So unless you really haven’t been keeping up-to-date with the news these past few weeks, then you’ll know that tomorrow Barack Obama and Mitt Romney will battle it out for the biggest job in the world. As ever these elections present an opportunity for a little bit of national soul-searching and a conversation about where the country could and should be heading over the coming years.
As part of this discourse, Eric Heiman principle of Volume Inc has commissioned four design teams to re-brand the USA as part of a project supported by the San Francisco Museum of Modern Art. The starting points that while other countries have undergone rebrands in a very traditional way, America’s sense of self remains rooted in the past.
“The American identity as a whole remains stubbornly retrograde,” Eric said. "Old Glory, the Founding Fathers, O Say Can You See, hot dogs, apple pie, fireworks—the symbols and stories we use to celebrate (or, in the case of the equally retro-named Tea Party, protest) the U.S. have rarely evolved since its inception 236 years ago."
So enter four very different ideas for a new brand USA. San Fran’s Mende Design has imagined a Republican-led PR blitz whereby famous national sites like The Washington Monument and Mount Rushmore are tweaked to reflect how values like peace and tolerance fit into the national psyche, while New York’s Playlab, Inc have made a video actually outlining why the USA doesn’t need to change.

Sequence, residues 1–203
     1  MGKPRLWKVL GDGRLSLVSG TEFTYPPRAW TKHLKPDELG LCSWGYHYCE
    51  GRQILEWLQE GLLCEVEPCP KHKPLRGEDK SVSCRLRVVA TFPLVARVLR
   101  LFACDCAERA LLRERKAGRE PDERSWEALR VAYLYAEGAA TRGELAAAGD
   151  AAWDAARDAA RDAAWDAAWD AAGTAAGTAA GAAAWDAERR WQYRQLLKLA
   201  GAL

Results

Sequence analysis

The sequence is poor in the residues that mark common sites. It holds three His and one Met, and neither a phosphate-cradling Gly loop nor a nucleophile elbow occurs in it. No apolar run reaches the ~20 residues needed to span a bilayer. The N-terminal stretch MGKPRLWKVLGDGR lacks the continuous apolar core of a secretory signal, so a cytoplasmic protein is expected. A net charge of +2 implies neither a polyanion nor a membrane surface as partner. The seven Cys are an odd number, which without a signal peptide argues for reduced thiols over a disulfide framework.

Brooklyn’s MGMT have produced a series of interesting alternative flags which are infographics based on facts and figures of modern America – everything from religion to the number of chickens per capita – and British designer Lucienne Roberts is a colourful, animated celebration of difference and inclusivity.
You can read loads more about each project on the SFMOMA blog and it’s sure to generate a great deal of discussion, but as four very different starting points they’re a really worthwhile contribution to the debate.
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